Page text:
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Cristine Beckwith
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Cristine Beckwith’s Answers

18 total


  • Boyfriend got a DUI several years ago. He can't work because of it judge wants to put him in jail?

    Ok, so he WAS a mechanic. That career is over. No one one will hire a mechanic with no License and a dui. Let alone someone who didn't finish high school no matter how talented he is. So he tried to fall back on his carpentry experience and do tha...

    Cristine’s Answer

    It sounds like your boyfriend was convicted of a DUI and placed on the typical five years of probation. Any of the maximum 364 days he could have spent in jail (if this is a misdemeanor) that he did not actually spend in jail are suspended during his time on probation. (So if he only served 2 days in jail, he has 362 days in jail suspended). In order to keep the jail days suspended, he has to abide by certain conditions. These conditions are usually: not drive without a valid license and insurance, maintain law abiding behavior, obtain an alcohol/drug evaluation, and complete any recommended treatment. If he violates any of these conditions, the judge can un-suspend some of the jail time. If he continues to violate the conditions, the judge can simply sentence him to all the days that were suspended (so potentially 364 days.) Many treatment agencies accept payment plans for low-income patients. Your boyfriend can also look into applying for an ignition interlock license so that he can drive during the time that his license is revoked. A lawyer can help him get things back on track. Best of luck.

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  • How long is jurisdiction in a dui case

    2006 plead guilty to dui. at that time the court to a certain amount of years for jurisdiction. im wondering how long that would have been

    Cristine’s Answer

    Hello, jurisdiction on a DUI is typically five years, however the time can vary depending on if you ever had a warrant out on the case or if you ever agreed to extend jurisdiction in order to complete certain obligations.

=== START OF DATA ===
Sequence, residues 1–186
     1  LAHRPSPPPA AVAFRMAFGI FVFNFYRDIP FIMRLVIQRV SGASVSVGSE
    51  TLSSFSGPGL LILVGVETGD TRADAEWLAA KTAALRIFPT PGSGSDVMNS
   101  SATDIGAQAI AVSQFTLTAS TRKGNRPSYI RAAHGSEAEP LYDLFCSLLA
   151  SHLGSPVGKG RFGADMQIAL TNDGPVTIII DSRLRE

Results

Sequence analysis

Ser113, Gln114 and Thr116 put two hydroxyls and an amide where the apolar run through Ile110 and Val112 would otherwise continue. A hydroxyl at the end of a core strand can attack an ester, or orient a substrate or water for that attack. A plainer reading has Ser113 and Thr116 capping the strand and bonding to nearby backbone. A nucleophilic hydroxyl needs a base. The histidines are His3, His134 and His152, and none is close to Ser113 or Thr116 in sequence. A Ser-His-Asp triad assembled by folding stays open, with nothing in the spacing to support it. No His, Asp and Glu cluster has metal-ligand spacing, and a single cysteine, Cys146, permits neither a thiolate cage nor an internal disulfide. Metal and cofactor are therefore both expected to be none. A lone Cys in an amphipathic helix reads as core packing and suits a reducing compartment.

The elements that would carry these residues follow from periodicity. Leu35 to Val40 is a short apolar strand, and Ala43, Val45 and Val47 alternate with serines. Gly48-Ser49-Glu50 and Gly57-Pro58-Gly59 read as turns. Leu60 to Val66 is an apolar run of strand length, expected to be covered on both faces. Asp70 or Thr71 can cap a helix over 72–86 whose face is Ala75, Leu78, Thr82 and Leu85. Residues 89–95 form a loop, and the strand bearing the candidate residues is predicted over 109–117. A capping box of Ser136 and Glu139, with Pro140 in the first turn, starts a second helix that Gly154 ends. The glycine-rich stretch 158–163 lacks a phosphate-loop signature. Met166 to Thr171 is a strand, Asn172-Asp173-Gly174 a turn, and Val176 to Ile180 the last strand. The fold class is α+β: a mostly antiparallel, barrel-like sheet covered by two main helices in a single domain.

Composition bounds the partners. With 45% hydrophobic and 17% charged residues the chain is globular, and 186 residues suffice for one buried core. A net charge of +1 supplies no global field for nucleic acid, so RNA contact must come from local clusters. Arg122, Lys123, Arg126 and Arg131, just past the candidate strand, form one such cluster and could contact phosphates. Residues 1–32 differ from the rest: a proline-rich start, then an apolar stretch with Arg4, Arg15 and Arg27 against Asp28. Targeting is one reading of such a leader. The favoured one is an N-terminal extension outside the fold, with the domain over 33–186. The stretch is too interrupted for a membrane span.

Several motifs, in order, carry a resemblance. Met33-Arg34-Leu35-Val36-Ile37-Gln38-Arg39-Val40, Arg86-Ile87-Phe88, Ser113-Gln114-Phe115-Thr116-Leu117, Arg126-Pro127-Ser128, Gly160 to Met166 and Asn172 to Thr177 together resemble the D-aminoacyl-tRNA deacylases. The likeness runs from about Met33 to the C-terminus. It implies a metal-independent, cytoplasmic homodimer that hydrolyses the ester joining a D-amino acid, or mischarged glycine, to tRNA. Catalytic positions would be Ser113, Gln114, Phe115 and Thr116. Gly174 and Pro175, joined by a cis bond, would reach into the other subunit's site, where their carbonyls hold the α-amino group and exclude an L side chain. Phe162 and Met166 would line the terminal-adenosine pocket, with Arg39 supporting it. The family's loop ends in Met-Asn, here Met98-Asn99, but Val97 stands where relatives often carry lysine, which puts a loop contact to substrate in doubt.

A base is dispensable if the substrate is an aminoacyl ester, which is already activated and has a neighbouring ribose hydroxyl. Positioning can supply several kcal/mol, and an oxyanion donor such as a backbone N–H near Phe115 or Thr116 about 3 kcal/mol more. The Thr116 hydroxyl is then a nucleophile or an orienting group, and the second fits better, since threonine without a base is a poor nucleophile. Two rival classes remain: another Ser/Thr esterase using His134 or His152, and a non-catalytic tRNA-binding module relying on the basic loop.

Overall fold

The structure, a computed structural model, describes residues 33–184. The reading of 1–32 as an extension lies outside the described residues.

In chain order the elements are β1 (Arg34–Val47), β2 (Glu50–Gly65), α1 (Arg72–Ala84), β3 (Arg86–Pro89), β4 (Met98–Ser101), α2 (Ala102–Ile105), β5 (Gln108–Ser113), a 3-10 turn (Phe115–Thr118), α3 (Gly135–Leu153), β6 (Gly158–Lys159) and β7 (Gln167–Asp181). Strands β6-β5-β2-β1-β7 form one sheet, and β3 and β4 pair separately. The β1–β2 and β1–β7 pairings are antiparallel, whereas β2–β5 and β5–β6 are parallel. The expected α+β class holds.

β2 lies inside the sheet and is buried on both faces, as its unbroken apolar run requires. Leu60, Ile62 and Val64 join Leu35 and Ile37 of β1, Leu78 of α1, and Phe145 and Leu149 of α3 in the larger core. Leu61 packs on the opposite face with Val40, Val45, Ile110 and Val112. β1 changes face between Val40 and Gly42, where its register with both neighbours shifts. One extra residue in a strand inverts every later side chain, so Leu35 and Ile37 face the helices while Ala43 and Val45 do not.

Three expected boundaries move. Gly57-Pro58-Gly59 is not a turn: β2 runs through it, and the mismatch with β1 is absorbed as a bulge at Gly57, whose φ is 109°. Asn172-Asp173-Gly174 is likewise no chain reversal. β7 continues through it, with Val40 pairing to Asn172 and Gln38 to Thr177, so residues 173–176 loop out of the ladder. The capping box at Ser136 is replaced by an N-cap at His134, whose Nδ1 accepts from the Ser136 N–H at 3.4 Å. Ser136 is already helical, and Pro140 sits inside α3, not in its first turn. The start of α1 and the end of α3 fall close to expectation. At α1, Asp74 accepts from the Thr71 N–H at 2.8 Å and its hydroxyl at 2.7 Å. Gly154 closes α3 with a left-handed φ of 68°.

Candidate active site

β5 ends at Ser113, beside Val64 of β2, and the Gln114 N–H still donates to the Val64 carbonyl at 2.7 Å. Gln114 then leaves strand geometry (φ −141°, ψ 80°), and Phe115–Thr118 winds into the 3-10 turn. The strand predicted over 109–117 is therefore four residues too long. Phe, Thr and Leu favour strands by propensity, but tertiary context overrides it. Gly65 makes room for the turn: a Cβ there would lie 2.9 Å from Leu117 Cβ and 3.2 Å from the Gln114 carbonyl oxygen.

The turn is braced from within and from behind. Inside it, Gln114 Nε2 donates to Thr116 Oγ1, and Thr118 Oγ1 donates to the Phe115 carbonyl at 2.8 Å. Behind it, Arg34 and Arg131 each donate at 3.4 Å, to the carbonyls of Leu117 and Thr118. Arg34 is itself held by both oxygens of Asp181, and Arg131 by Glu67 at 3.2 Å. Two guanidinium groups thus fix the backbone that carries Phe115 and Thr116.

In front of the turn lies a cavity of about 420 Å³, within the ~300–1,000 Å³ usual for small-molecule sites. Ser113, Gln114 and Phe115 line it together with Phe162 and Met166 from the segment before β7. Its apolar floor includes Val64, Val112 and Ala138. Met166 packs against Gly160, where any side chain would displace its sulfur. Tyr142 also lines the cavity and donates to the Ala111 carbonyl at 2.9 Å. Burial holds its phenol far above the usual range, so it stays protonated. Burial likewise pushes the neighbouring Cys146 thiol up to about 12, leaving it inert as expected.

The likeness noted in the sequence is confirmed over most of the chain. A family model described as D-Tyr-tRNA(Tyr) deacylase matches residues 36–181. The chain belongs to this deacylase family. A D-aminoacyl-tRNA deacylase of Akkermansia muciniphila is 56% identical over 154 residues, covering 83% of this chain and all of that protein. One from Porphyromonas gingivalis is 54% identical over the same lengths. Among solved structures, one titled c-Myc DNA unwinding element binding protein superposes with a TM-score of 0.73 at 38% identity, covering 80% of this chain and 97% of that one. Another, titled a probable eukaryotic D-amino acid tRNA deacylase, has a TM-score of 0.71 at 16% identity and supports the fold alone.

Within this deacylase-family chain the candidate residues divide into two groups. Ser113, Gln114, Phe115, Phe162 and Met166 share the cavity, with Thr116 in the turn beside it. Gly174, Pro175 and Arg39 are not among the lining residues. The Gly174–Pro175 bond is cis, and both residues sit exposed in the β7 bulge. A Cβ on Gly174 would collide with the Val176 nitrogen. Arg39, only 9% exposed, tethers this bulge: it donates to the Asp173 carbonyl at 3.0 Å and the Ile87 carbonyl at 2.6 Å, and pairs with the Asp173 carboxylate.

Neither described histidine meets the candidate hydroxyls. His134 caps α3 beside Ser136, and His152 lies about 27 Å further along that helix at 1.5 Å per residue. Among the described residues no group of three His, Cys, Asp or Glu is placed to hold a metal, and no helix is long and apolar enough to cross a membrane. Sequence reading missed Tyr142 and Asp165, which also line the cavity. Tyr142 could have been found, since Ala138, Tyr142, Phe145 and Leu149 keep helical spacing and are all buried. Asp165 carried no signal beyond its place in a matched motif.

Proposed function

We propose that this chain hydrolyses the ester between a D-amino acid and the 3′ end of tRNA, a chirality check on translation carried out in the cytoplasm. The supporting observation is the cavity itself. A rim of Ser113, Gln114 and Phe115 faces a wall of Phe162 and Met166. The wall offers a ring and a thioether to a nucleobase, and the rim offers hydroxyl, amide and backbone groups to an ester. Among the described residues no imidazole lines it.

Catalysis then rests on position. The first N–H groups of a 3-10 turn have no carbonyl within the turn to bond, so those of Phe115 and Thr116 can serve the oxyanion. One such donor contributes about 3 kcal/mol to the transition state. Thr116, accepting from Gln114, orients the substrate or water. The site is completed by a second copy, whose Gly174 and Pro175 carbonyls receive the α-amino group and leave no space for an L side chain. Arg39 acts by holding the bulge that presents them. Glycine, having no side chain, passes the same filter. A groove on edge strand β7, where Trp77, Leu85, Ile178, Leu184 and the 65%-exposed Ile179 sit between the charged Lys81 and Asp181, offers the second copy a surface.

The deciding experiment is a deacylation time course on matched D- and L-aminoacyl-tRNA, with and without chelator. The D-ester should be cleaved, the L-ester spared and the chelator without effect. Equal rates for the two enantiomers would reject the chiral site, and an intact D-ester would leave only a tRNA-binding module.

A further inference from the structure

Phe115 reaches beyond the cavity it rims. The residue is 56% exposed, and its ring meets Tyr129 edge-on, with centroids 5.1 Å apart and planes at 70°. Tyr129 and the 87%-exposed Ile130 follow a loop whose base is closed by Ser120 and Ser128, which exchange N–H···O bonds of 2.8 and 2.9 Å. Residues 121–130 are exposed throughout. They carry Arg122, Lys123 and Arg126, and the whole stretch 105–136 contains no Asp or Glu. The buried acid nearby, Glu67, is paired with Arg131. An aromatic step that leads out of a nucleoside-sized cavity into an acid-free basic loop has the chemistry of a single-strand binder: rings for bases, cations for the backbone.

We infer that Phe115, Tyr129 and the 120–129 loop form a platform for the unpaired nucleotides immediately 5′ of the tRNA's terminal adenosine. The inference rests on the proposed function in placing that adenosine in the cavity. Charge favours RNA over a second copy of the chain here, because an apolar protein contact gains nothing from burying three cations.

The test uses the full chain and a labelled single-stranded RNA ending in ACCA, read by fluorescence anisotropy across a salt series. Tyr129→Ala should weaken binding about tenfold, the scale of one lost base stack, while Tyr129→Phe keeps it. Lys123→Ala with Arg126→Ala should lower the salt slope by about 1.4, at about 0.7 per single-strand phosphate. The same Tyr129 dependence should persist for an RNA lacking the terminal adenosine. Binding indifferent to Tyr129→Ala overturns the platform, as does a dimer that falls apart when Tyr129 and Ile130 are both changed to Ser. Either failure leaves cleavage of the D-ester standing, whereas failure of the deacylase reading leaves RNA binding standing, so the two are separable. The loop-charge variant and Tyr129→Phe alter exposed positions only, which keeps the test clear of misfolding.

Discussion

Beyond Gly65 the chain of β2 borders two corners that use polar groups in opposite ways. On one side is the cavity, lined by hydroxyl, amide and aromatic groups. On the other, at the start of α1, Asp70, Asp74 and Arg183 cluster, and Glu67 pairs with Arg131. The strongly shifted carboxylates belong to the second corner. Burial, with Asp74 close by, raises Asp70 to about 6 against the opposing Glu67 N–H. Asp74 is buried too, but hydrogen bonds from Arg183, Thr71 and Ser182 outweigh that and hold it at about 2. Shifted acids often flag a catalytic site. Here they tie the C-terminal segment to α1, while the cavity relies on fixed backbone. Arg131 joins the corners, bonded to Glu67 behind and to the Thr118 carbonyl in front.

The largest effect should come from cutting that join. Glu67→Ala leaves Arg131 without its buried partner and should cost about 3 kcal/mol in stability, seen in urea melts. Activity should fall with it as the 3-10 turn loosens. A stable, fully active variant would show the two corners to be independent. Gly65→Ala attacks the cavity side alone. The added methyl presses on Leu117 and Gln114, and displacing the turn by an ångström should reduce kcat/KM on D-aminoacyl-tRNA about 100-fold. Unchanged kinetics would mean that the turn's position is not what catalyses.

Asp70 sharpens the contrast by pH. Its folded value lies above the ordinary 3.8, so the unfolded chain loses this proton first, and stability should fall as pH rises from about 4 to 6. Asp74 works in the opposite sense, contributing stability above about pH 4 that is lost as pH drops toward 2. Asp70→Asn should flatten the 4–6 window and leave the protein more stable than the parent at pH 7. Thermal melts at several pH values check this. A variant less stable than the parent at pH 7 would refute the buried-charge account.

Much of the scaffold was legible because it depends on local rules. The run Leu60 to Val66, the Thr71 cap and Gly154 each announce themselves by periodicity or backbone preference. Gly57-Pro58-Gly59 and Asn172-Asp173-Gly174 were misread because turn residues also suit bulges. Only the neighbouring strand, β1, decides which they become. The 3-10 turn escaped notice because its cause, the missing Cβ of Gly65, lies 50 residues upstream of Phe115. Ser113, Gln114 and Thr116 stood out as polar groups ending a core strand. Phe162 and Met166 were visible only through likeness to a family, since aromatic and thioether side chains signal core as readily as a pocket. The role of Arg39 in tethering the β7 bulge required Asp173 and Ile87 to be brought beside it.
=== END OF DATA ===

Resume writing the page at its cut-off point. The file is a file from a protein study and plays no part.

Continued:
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  • Have a pending arraignment in Superior Court on DV, moved out of state and not a resident of WA. Can charges be removed?

    I am unemployed and had been a resident of Seattle less than 90 days when my girlfriend accused me of DV. I am being charged with unlawful imprisonment-dv, assault 4-dv. I was released on PR and also moved back to my home state which is over 1k mi...

    Cristine’s Answer

    Hello, your residency is not relevant to your charge. If the prosecution has sufficient evidence to charge you and sufficient evidence to move forward, it is unlikely that your charges will be dismissed. If you miss the arraignment date, the judge will most likely issue a bench warrant for your arrest. It is in your best interest to return to Washington to hire an attorney to assist you with your case. Good luck.

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  • WA state parents of underage drinking party broken up by police, what can we be charged with?

    first offense, no arrests, nothing confiscated, no tickets, no names taken. Said will mail us our charges. We did not call cops to break it up so we are in trouble cause we did not want anyone leaving intoxicated and were going to feed them and so...

    Cristine’s Answer

    Hello, you could possibly be charged with furnishing liquor to minors under RCW 66.44.270. The charge is gross misdemeanor which carries with it a maximum sentence of 364 days in jail and a $5000 fine. Depending on the facts of the case and your criminal history (which you indicate is nothing), an attorney could most likely negotiate a resolution that results in a reduction or dismissal of the charges.

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  • What happens at a pretrial for a gross misdemeanor?

    If you agree to a plea deal at the pretrial do you have to pay your dues/go to jail immediately at the pretrial?

    Cristine’s Answer

    • Selected as best answer

    Hello, the pretrial hearing is an opportunity for you or your attorney to speak with the prosecutor about your case and try to negotiate a resolution. In most cases, if you enter into a plea, the judge will give you time to complete certain conditions (like get an alcohol/drug evaluation, complete community service, or pay the fine). The judge will also usually give you a report to jail date to serve your time so that you do not have to be taken into custody that day. Each court is different (and it also depends on the charge and your history), so I would recommend speaking to an attorney before you plead guilty to anything. Best of Luck.